Moving to triple its share of a key Michigan market, Old Kent Financial Corp. of Grand Rapids announced an agreement Wednesday to buy a Lansing thrift company for $242 million in stock.

The deal for CFSB Bancorp would lift $16.6 billion-asset Old Kent into the No. 1 position in deposits and residential mortgage loans in Lansing, the state's capital.

CFSB, which has $880 million of assets, would bring Old Kent 16 offices in the Lansing area.

The acquisition is in keeping with Old Kent's plan to expand in its home state by snapping up small and midsize institutions.

"Old Kent almost has a stranglehold on western Michigan and a growing presence in the rest of the state," said banking analyst Michael Moran of Roney Capital Markets in Detroit. "They are a statewide player and are looking to fill in where they have operating gaps."

CFSB, the parent of Community First Bank, would be Old Kent's 71st acquisition in the last 26 years, said vice chairman and chief financial officer Robert H. Warrington.

The company's last acquisition was First Evergreen Corp., a $1.9 billion-asset holding company in Evergreen Park, Ill., which was integrated into Old Kent in October.

"This acquisition creates economies of scale for us in mortgage production and deposits," Mr. Warrington said. "We also see this deal as being accretive to earnings in the first year."

Analysts said the price Old Kent agreed to pay-which is 3.3 times CFSB's book value-is fairly high for a thrift. In the fourth quarter, the median price paid for banks of CFSB's size was 2.8 times book, according to bank analyst William Katz of Merrill Lynch & Co.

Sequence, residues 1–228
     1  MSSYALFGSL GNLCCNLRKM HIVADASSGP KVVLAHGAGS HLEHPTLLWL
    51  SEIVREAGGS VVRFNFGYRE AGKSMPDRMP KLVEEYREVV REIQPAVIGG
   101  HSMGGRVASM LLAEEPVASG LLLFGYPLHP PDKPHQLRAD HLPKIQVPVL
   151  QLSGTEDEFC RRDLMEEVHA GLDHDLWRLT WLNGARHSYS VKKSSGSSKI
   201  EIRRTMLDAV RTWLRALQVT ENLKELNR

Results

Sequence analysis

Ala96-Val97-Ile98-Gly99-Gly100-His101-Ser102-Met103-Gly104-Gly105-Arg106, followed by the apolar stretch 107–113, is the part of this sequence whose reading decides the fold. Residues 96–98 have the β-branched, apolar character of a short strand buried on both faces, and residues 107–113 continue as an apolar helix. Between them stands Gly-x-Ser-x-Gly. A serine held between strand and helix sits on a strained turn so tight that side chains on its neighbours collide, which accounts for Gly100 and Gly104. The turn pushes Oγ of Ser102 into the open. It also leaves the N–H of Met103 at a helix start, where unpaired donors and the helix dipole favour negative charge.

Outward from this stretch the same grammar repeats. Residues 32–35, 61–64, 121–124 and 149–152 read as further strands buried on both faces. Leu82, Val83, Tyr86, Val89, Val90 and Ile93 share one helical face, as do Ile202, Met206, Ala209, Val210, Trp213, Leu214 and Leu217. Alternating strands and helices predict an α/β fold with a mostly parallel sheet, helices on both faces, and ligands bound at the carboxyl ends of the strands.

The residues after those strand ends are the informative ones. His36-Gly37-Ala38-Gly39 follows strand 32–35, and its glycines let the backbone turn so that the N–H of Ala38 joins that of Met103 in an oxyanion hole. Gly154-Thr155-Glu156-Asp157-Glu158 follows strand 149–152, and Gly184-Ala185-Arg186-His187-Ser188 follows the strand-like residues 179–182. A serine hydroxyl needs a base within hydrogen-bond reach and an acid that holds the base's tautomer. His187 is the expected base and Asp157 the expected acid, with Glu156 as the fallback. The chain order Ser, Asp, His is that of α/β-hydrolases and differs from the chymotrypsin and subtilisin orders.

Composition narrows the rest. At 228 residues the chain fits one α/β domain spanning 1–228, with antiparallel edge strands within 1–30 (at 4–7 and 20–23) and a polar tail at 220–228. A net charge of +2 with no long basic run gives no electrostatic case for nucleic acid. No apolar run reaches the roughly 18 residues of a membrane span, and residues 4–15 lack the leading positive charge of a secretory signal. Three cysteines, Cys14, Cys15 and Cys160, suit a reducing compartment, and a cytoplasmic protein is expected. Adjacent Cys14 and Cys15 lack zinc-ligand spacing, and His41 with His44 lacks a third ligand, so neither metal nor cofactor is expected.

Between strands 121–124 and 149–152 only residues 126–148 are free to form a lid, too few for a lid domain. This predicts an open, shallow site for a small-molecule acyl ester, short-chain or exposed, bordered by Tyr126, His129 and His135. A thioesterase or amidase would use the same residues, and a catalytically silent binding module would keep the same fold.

"And a bank is more valuable than a thrift," he added.

But analysts said CFSB's strong balance sheet and earnings growth justify the premium.

"They paid a fair market price," said analyst Timothy W. Willi of A.G. Edwards & Sons Inc. in St. Louis. "I don't think they grossly overpaid, but I don't think they stole the bank, either."

Mr. Moran added that "the economics that CFSB delivers to Old Kent are worth it."

Old Kent's robust stock price enabled it to pay up for CFSB, analysts said. While other banks are trading at 15 times next year's earnings, Old Kent's multiple is 21

CFSB is seen as a good fit.

"Old Kent will be able to lever their retail platform by cross-selling financial products to CFSB customers," said Mr. Katz of Merrill Lynch. "They also expect $6.5 million in pretax cost saves by 2000, which is an aggressive but an achievable target."

Old Kent's appetite for expansion is growing as it looks to further increase its market share in Michigan, Mr. Warrington said.

"We have a strategic skill set in integrating companies," he said. "We want to take full advantage of our stock price and if we come across other companies that meet our standards, we will pursue them with vigor."

"Old Kent, Firstar (Corp. of Milwaukee), and Fifth Third (Bancorp of Cincinnati) are stepping up to the plate as acquirers, as other banks such as Wells Fargo and Bank One digest their recent acquisitions," Mr. Willi said. "Old Kent is a sizable bank with the wherewithal and stock currency to do deals."

The terms of the Michigan purchase, which is expected to close in the third quarter, call for CFSB shareholders to receive 5.4 million Old Kent shares at an exchange ratio of 0.6222 for one. It would be accounted for as a pooling of interests.

CSFB's president and chief executive officer, Robert H. Becker, would retire when the deal is completed.

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